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Potential 'double whammy' of cuts to public service: expert

Date

Hamish Boland-Rudder

The public service has been warned not to be complacent in the lengthy lead-up to the election.

The public service has been warned not to be complacent in the lengthy lead-up to the election. Photo: Tanya Lake

The public service could be facing a “double whammy” of cuts, after the Opposition Leader and the Prime Minister both hinted at slashing spending during separate National Press Club addresses.

Liberal leader Tony Abbott on Thursday refused to make any guarantees about retaining public service jobs if he's elected as Prime Minister in September.

Mr Abbott said he has enormous respect for Australia's public servants and there will be no employment "blood bath".

Mr Abbott said he understands the government “can’t do anything on the ground” without the public service, but he can’t make guarantees about jobs.

“There certainly won’t be anything resembling the night of the long knives or a blood bath in Australian Public Service,” he said.

His comments follow Julia Gillard’s dual announcement of budget cuts and an election date during her National Press Club address on Wednesday.

'Double whammy' of cuts

Former consultant and senior public servant Terry Fewtrell said the public sector could be looking at two different types of spending cuts, with any cuts made in the next budget by the Labor government likely to be specific and policy directed.

He said possible cuts by Tony Abbott would probably seek “dramatic, root-and-branch” cuts to the public service.

“The things that will be done in the budget, and this is really taking Gillard at her word, they will be things that will drive manifest Labor values so I think they’re different types of things to what the Liberals want to do,” Mr Fewtrell said.

“Abbott is Howard all over again, and you’ve only got to look at what he already said – he’ll have an efficiency auditor a commission of audit like Howard had and, depending on the terms of reference that are given, you can imagine it will be very similar to what was the case back in ’96. The cuts that will come from that, in all likelihood, will be extreme and draconian.

“And they will be driven by the ideology of the Liberal party. What Gillard is foreshadowing are cuts to entitlements and programs that are driven by Labor values so, in a sense, the public service might get a double whammy.”

But Mr Fewtrell said having an election date made little difference to tough times for the public service, which had already been foreshadowed.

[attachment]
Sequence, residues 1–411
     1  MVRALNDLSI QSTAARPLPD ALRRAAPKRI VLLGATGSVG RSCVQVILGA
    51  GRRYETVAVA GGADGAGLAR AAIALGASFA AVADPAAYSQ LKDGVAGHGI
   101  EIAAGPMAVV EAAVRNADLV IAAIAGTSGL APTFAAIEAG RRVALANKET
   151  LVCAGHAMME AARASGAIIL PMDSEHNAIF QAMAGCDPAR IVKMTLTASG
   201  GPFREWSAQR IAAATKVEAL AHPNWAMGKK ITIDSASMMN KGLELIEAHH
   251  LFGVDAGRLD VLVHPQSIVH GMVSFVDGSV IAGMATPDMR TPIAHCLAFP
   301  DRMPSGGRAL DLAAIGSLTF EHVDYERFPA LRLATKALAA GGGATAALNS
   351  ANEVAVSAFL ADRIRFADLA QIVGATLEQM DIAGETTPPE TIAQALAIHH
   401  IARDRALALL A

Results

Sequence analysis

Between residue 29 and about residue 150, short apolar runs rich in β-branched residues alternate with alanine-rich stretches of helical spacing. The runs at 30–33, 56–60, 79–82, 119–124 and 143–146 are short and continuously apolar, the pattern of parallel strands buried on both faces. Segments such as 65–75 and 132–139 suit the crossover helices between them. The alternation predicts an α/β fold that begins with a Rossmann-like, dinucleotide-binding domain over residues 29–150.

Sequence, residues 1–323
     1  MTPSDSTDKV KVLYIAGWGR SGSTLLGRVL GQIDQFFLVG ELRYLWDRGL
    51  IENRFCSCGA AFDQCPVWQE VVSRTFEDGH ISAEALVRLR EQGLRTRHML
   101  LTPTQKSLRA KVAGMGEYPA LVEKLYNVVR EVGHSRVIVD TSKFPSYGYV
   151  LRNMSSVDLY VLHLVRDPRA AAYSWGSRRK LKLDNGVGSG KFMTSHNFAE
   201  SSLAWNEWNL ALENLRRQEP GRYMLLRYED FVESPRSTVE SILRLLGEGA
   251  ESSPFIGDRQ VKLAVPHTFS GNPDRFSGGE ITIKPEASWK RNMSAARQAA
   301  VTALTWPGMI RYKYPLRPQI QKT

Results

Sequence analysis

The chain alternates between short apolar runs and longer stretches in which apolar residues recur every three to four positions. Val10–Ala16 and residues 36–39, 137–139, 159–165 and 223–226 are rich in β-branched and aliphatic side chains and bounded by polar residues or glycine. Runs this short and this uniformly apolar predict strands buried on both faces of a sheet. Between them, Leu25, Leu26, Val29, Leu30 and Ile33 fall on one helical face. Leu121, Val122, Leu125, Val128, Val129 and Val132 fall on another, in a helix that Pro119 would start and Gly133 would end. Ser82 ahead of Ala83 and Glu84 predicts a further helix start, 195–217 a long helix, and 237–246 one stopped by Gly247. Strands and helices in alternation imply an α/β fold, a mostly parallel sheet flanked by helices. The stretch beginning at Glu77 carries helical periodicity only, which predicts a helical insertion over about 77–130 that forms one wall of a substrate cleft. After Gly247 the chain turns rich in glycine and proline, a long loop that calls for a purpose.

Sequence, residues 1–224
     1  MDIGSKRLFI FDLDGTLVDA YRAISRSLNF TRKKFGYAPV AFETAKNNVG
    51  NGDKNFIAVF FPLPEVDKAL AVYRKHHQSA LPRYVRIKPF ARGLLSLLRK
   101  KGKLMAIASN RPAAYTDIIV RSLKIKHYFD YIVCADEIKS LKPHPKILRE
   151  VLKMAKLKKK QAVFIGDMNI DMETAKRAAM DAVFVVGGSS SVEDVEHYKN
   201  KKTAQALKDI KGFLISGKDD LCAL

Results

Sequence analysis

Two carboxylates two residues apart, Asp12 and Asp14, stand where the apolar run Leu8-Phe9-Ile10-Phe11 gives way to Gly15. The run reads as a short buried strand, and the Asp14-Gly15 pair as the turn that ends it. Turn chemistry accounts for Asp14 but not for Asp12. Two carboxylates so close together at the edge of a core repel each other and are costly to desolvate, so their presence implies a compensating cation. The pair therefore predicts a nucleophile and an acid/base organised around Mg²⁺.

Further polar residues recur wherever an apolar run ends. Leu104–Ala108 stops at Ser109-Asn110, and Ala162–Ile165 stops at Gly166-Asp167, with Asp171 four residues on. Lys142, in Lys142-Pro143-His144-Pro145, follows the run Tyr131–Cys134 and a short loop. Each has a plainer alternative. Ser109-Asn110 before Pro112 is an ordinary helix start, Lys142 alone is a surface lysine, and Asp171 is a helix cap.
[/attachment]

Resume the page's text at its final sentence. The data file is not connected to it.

Public servants warned against complacency

Former senior public servant Stephen Bartos told ABC radio that almost eight months’ notice of an election did not necessarily mean almost eight months of job security for the Australian Public Service.

Mr Bartos said public servants could try to use the interim period to shore up their position within their department and make a good impression, but it was likely both the Opposition and even the government already had specific plans about making cuts.

“The public service shouldn’t feel at all complacent about this timetable that it’s going to shield them from cuts in the meantime – the government’s pretty clearly signalled that it wants some.”

APS able to 'plan ahead' with election notice

Mr Bartos said the longer-than-usual notice for the election was a positive for most public servants, as it allowed better planning and decision making with a definite deadline, and a clearer idea of possible political motives.

“You also know that if you’re asked to do something that might seem a little bit on the edge of what’s proper, for example, do some analysis of the effectiveness of policy in terms of its impact on different electorates … you know that if you’re asked to do that in August, it’s probably going to be for the election and you might want to say no,” Mr Bartos said.

“But if you’re asked to do it before the budget there might be a different reason for it, so you’ve got a better basis for decision making.”

He warned the public service the next few months could also present its own challenges, and said workers would need to be vigilant and advise carefully on what could be “dumb” policy moves made in desperation.

“We’ve seen in other jurisdictions with fixed terms that if a government feels it’s going to lose the election and it’s getting close to the end of its fixed term it can make some really flaky decisions,” he said.

“It is tricky to advise ministers that a particular course of action they’re proposing is absolutely dumb, its only merit is that it might get a headline for one morning but otherwise it’s terrible policy.

“The public service hasn’t been in that situation before, but I’m sure it’ll work its way through those things and, you never know, it may well be by that time of the year after budget’s behind us, things will be pretty much stable, and that’s what the public service will be hoping for.”

Mr Fewtrell said the deadline shouldn’t change the work that public servants do in the lead-up to the election, apart from ensuring any work was “as tidy as possible” both for the service and for any incoming government.

“The proper course of action for a public servant is to do the tasks and the jobs they’ve been given to do by their political masters at the time,” he said.

“Everybody has got a clear picture of what the timetable is, and therefore they can do whatever planning and thinking they need to do in a proper, considered way.

Mr Fewtrell said during an election the public service provided stability, regardless of the political situation.

“It’s wonderful we have a public sector that manages those transitions. This is one of the times when the nation ought to appreciate the value that the public service provides, because it is the continuity of the nation’s management, and that is an extremely valuable contribution that the public service makes whenever there is a change of government.”

The Community and Public Sector Union on Wednesday vowed to ramp up its campaign to protect public service jobs in the lead up to the September 14 election date.

CPSU national secretary Nadine Flood said any cuts to the APS would "seriously damage the capacity of the public service to deliver the support that millions of Australians depend on".

with Tegan Osborne

33 comments so far

  • Based on Mr Bartos' comments, it sounds like we need to elect senior PS members too.

    How extraordinary, saying no to ones boss with such finality. A terminal decision?

    Commenter
    Evanism
    Date and time
    January 31, 2013, 10:30AM